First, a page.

1791—Rhode Island

Rhode Island masonry is descended from the Modern St. John’s Provincial Grand Lodge of Boston which chartered St. John’s Lodge at Newport in 1749 and another St. John’s lodge at Providence in 1757. It is curious that the first St. John’s Lodge originally was limited to conferring only the first two degrees, but the members convinced Provincial Grand Master to expand their authority to all three degrees. The two St. John’s Lodges formed the Grand Lodge of Rhode Island on 27 June 1791, which may be the most Modern of American Grand Lodges.[xlv] The coat of arms of the Grand Lodge of Rhode Island is a duplicate of the premier Grand Lodge.



Ancient lodges were the only kind known in Delaware. The Provincial Grand Lodge of Pennsylvania warranted the first Delaware lodge on 27 December 1769, and five more through 1802. The Grand Lodge of Maryland, itself originating from Pennsylvania, chartered two lodges in 1792 and 1806. Representatives of three of these lodges met on 6 June 1806 to form the Grand Lodge of Pennsylvania. Pennsylvania objected to the formation of the new Grand Lodge because Wilmington Lodge owed it dues, the installation and opening of the grand lodge was irregular, and less than five lodges formed the new grand lodge. Pennsylvania did not similarly object when other Grand Lodges were formed with fewer than five lodges. Maryland also objected to the new Grand Lodge. Delaware ignored both objections and stayed the course, eventually gaining recognition as a regular grand lodge.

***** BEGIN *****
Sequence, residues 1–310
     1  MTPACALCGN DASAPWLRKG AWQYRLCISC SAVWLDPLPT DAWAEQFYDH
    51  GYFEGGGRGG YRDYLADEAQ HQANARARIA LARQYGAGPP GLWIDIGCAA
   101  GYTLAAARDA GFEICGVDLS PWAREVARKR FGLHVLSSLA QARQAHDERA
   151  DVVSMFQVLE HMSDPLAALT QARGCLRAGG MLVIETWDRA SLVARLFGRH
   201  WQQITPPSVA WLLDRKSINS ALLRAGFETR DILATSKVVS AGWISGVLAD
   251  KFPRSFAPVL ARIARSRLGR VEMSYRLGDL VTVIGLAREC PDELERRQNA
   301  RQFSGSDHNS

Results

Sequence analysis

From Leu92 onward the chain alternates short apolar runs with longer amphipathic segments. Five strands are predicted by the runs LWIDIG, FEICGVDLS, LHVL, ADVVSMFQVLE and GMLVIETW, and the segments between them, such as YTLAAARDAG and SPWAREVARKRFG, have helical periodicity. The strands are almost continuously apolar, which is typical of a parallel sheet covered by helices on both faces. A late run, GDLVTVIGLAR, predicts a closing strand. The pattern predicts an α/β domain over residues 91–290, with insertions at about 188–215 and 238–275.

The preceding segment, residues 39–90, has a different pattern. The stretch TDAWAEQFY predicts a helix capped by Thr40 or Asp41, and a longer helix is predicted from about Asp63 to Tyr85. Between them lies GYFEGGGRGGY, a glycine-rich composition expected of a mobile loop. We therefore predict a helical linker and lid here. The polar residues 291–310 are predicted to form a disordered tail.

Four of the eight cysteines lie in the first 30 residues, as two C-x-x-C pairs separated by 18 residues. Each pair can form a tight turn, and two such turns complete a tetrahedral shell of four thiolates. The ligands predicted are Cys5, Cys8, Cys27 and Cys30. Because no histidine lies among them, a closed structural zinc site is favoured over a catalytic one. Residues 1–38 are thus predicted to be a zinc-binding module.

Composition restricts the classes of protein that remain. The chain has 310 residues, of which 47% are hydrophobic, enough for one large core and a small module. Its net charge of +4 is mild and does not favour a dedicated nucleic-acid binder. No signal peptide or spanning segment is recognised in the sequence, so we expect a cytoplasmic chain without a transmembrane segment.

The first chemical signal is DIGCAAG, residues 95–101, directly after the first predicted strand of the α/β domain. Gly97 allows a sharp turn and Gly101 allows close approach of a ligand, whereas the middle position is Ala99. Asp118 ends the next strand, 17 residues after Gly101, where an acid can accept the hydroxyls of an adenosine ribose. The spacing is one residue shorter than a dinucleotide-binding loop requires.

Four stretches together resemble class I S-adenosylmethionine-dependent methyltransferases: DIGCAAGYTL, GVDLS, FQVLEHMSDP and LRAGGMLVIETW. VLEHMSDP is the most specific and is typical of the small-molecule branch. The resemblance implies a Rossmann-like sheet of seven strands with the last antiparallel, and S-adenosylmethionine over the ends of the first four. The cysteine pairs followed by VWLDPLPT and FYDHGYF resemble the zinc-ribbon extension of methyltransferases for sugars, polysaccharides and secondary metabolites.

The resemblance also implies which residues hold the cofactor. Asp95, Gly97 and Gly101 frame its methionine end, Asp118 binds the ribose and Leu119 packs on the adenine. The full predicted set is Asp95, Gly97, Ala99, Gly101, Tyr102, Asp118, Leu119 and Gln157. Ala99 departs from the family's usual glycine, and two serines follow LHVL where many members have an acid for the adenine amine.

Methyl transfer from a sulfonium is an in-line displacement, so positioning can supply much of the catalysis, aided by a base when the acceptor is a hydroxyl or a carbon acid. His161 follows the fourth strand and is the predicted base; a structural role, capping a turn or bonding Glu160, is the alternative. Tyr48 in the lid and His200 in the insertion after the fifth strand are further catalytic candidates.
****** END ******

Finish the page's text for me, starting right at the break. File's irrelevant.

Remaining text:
Bullock, Steven C. Revolutionary Brotherhood: Freemasonry and the Transformation of the American Social Order, 1730–1840. Chapel Hill, N.C.: University of North Carolina Press, 1996.

Cheney, Harry M. Symbolic Freemasonry in New Hampshire. New Hampshire: Grand Lodge of New Hampshire, 1934.

Coil, Henry W. et al. Coil’s Masonic Encyclopedia. New York: Macoy Masonic Publishing and Supply Co., Inc., 1961.

Crockett, David. First American Born. Bowie, Md.: Heritage books, Inc., 1992.

Dove, John. Proceedings of the M.W. Grand Lodge of Ancient York Masons of the State of Virginia from its Organization, in 1778, to 1822. Richmond, Va.: James E. Goode, 1874.

Green, Charles E. History of the M\ W\ Grand Lodge of Ancient, Free and Accepted Masons of Delaware. Wilmington, De.: Grand Lodge A.F.&A.M. of Delaware, 1956.

Huss, Wayne A. The Master Builders: A History of the Grand Lodge of Free and Accepted Masons of Pennsylvania. Philadelphia, Grand Lodge F.&A.M. of Pennsylvania., 1986.

Johnson, Melvin M. The Beginnings of Freemasonry in America. Kingsport, Tenn.: Southern Publishers, Inc., 1924.

Nash, H. P. “Origins of the Grand Lodge of New York,” Transactions of the American Lodge of Research, vol. 3, no. 2, pp. 278–402.

Parramore, Thomas C. Launching the Craft: The First Half Century of Freemasonry in North Carolina. Raleigh, N.C.: Grand Lodge of North Carolina, A.F.&A.M., 1975.